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Technical Committee on Social Signal Processing
Social Signal Processing (SSP) is the domain aimed at modelling, analysis and synthesis of nonverbal behaviour in social interactions (both human-human and human-machine). The key idea of the field is that non-verbal behavioural cues (facial expressions, vocalisations, postures, gestures, etc.) are the physical, machine detectable evidence of social and psychological phenomena not otherwise observable. Therefore, automatic detection and interpretation of nonverbal cues make it possible for machines to understand social phenomena (e.g., personality, conflict, interpersonal attraction, etc.). Furthermore, the synthesis of nonverbal behavioural cues via different forms of embodiment (robots, artificial agents, synthetic voices, etc.) makes it possible for machines to achieve the same social effects as humans, including persuasion, politeness, humor, etc.
The Technical Committee on Social Signal Processing accompanies the development of the field since its earliest steps. The TC chairs have been organizing the very first events dedicated to SSP in the scientific community, including the Social Signal Processing Workshops (2009-2011), the Workshop on Foundations of Social Signals (2009), the International Workshop on Socially Intelligent Surveillance and Monitoring (2010-2013), and the IEEE International Conference on Social Computing (2010-2012). Such an extensive activity has gathered a community of researchers around the topic that, until now, were scattered across different fields.
In parallel, the TC has worked to lay the theoretic foundations of the domain. After the seminal paper where the very expression "Social Signal Processing" was coined , the TC chairs refined the research vision of the domain through several, widely accepted position papers . Furthermore, TC members established solid interdisciplinary collaborations with human sciences by co-editing special issues centred around SSP in cognitive sciences ("Special Issue on Social Signals. From theory to application", Cognitive Processing) as well as multimodal interaction journals ("Special Issue on Conceptual frameworks for Multimodal Social Signal Processing", Journal on Multimodal User Interfaces).
The impact of such a foundational work was reinforced through the synergy with the SSPNet, the Europeam Network of Excellence on Social Signal Processing coordinated by the TC chairs. The SSPNet portal (https://www.sspnet.eu), featured in the "Best of Web" column of the IEEE Signal Processing Magazine , was instrumental to disseminate not only papers and initiatives mentioned above, but also resources crucial to attract new researchers to SSP, namely annotated data (roughly 250 hours), software packages (around 25) and roughly 150 presentation recordings collected at the various events organised, among others, by the TC members.
Furthermore, the collaboration with the SSPNet has allowed the TC members to co-organise the first international benchmarking campaigns on SSP related tasks, including the "Facial Expression Recognition and Analysis Challenge" (2011-2012), the "Speaker Trait Challenge" (2012), and the "Computational Paralinguistics Challenge" (2013). This has not only attracted a large number of researchers to SSP (more than 100 participants in total), but also diffused SSP-specific experimental practices and evaluation criteria, an important step towards the maturity of the domain.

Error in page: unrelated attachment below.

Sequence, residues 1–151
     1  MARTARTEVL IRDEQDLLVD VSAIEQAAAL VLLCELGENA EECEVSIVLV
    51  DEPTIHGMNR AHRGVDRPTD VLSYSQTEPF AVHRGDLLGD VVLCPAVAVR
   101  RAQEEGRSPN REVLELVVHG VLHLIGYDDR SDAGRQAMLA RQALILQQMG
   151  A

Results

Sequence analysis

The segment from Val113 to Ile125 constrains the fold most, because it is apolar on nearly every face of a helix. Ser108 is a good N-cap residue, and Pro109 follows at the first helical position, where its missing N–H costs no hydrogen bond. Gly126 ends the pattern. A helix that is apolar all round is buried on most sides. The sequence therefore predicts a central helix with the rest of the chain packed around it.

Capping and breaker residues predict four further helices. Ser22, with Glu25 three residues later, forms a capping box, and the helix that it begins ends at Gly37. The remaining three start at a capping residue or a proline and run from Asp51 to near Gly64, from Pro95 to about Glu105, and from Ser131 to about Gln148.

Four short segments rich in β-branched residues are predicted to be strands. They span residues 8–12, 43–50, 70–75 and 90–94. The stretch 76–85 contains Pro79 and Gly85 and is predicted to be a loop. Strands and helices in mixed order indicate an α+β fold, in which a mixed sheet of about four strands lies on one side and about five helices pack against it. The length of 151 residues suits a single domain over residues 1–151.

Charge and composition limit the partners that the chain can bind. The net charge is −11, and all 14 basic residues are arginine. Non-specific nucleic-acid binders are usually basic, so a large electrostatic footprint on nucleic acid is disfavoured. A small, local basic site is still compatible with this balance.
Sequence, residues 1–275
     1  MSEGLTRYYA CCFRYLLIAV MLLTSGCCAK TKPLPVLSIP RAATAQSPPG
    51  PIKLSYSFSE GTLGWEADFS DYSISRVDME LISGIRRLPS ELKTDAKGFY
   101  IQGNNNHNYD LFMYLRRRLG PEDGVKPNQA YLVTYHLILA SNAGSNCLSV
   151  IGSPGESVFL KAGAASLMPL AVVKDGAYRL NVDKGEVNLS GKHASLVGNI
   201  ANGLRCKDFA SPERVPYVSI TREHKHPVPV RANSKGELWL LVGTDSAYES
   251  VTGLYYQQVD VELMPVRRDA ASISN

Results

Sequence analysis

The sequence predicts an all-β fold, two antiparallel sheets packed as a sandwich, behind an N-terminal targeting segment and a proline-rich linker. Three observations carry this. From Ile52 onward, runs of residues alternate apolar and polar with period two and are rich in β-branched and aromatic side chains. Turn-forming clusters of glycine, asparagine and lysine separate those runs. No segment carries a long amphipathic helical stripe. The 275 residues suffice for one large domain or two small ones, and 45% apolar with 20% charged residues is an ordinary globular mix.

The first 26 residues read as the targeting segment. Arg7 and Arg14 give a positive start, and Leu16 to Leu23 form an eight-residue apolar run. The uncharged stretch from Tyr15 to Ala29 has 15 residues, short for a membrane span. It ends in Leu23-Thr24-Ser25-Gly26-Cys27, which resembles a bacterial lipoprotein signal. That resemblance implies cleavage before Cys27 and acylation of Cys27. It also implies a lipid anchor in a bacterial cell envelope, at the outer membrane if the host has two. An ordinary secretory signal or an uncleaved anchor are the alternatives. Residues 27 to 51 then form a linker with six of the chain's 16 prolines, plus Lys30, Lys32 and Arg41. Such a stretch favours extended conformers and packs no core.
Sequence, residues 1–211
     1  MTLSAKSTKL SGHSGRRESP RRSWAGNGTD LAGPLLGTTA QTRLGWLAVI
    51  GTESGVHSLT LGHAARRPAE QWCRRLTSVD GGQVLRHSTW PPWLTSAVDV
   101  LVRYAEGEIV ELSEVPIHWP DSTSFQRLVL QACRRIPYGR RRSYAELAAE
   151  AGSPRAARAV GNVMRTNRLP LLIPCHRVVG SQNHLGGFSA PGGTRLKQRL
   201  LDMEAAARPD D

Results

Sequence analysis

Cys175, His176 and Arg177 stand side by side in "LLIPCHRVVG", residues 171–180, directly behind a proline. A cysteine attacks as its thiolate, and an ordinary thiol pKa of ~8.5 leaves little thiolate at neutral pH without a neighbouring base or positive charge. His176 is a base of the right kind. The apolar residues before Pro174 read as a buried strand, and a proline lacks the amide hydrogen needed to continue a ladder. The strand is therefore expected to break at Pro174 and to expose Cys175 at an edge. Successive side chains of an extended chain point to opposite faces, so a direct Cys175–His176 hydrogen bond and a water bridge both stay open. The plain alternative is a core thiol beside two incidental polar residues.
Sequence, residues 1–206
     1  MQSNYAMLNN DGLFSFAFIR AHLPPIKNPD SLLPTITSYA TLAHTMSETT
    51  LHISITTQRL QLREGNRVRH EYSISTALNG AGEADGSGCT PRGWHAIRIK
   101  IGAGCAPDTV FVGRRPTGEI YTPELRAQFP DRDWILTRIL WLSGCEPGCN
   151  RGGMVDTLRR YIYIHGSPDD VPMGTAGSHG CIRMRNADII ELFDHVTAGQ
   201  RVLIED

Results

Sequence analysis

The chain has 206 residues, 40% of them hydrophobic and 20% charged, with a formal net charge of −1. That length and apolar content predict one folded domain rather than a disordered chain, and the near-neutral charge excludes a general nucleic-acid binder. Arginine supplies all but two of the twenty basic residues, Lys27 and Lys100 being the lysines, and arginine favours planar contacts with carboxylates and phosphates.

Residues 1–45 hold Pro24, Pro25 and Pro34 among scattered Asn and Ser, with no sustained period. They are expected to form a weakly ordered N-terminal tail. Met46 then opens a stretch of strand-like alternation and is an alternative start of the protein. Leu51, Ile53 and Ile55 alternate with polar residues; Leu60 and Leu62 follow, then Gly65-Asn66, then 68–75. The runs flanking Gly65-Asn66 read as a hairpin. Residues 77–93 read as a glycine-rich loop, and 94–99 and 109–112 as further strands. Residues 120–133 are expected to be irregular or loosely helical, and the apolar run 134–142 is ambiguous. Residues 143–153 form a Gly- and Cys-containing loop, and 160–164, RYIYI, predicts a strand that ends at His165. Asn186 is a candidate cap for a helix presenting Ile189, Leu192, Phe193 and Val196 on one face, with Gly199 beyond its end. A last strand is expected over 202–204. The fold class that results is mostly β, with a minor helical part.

After the foundational work above, the TC aims now at forming the new generation of SSP researchers through two initiatives specifically targeted towards PhD students and postdocs at the earliest stages of their career. The first initiative is the "Summer School on SSP" that will be held in Vietri Sul Mare (Italy) in June . The school will gather around 50 participants that will attend eight short courses about the most important aspects of SSP, from face and language cognition to social robotics and computational paralinguistics. The lectures will be recorded and made available online via the Virtual Learning Centre of the SSPNet (https://sspnet.eu/virtual-learning-centre-2/). In this way, the courses will be available not only to the school participants, but also to the entire scientific community. The second initiative is a textbook edited by the TC chairs in collaboration with Nadia Thalmann and Judee Burgoon. The book will be a collection of surveys that will cover not only the main areas of SSP (conceptual modelling, automatic analysis and synthesis of social signals), but also the most important applications of the domain so far. The book, expected for the end of 2014, will be the first volume including all aspects of SSP, a multifaceted and interdisciplinary domain that typically requires resources from multiple fields.
Finally, TC chairs and members contribute to move the large body of knowledge accumulated in the last years towards application in real-world problems. This is the goal, e.g., of the DCAPS project (led by one of the TC chairs) that aims at developing general metrics of psychological health . Besides demonstrating the societal impact of Social Signal Processing, DCAPS involves several universities and further expands the TC-SSP community.